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When the paper The unification of Mathematics via Topos Theory by Olivia Caramello, says "one can generate a huge number of new results in any mathematical field without any creative effort." is this an exaggeration, and if not is this a new idea or has it always been thought that topos theory could enable automatic generation of theorems.

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I'd love to see the first theorem on the Navier-Stokes equations proved by means of the topos theory... –  Andrey Rekalo Jun 23 '10 at 13:37
Being able to create a huge number of new dishes doesn't make one a chef. –  Charles Matthews Jun 23 '10 at 13:58
To those voting to close: honestly, people! Whether or not the question sounds polemical to you, there are already some interesting answers below and perhaps more are coming. That's what matters. –  algori Jun 25 '10 at 23:27
One doesn't need to know anything about topos theory to know that the claim "One can generate a huge number of new results in any mathematical field without any creative effort" is trivially true if the new results are not required to be of interest to anyone and trivially false otherwise: almost by definition "creative effort" is that which produces interesting, new theorems. I found the paper (including its title) to be rather over the top. Probably others here feel similarly. But it shouldn't reflect negatively on the OP -- he just asked for our opinion on this curious statement. –  Pete L. Clark Jun 26 '10 at 6:02
Why are there suddenly so many straw men being thrown around? Yes, this statement is trivially true if taken to cover any new theorems, and almost certainly false if very specific well-known theorems are asked for. But the original intent is clearly somewhere between: how many interesting non-trivial theorems are there (none? some? or many, as Caramello claims?) that can be read straight off via topos-theoretic dictionaries from theorems in other areas? And this is surely an interesting and reasonably precise question! –  Peter LeFanu Lumsdaine Jun 27 '10 at 19:46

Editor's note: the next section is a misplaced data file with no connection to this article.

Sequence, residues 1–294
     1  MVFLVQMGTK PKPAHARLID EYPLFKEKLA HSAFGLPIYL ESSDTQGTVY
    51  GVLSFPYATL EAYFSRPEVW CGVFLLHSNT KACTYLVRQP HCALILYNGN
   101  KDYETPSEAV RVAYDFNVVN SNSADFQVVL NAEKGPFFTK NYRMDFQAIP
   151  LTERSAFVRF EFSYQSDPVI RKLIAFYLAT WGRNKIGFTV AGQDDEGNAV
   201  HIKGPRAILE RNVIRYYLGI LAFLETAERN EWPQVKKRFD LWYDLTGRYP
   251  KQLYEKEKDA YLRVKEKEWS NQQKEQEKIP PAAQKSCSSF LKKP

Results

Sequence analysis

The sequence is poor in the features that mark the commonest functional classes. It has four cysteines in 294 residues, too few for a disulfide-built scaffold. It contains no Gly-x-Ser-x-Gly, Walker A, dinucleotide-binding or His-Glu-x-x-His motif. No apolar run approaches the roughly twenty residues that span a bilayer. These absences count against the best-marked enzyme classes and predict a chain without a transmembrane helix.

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Topos theory provides a dictionary between (certain areas of) logic and (certain areas of) geometry. As such, it provides all the benefits that mathematical dictionaries do: It lets you translate between two languages whose natural evolutions proceeded independently. An insight that is obvious in one domain may not be so obvious when translated to the other domain.

Dictionaries cannot perform magic. In particular, it is usually too optimistic to think that a dictionary will allow you to prove significant new theorems with no effort. True, sometimes we do get lucky in this way. When Richard Stanley first discovered the dictionary between toric varieties and convex polytopes, he almost immediately reaped the reward of proving an important combinatorial conjecture with very little effort, because geometers had already put in a lot of work to solve exactly the problem he needed. But more commonly, the payoff of a dictionary is that it allows you to formulate good questions with very little effort. That is, you now have a new way to think about old problems, so you may be able to find your way more easily to a solution by borrowing concepts from both domains. You will still need to do hard work to solve hard problems, but your toolbox is now bigger.

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I believe some things which were impossible to prove in the past are now possible to be proven due to new mathematical techniques. Is there a book on such history? –  Igäria Mnagarka Apr 20 '13 at 7:06
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I can't really answer the question, but I attended Olivia's talk today at CT2010 in Genova where she was presenting this paper, and I asked her some questions afterwards. Any errors or misrepresentations in my following comments are entirely mine.

When the informal statement is made technical, there appear to be some qualifications. First, it applies only to mathematical theories that can be formalized in geometric logic. This is a kind of logic with a restriction on how quantifiers can be used in axioms. According to Olivia, this is not much of a restriction, because it includes for example finitary logic, and more.

Second, to be able to transport results from one theory to another, the theories must be Morita equivalent. Apparently this is more common than one might think, and once one has Morita equivalence, one can transport all kinds of results back and forth. So perhaps it would be fair to say that "some creative effort" goes into finding appropriate Morita equivalences in the first place.

Olivia refered to her Ph.D. thesis for a number of examples where this had been done. I have not really seen the examples. The areas of mathematics that she specifically mentioned in her talk were algebra, topology, two different branches of logic (proof theory and model theory), and a 5th one which I forgot. Definitely not PDE's or Riemannian geometry.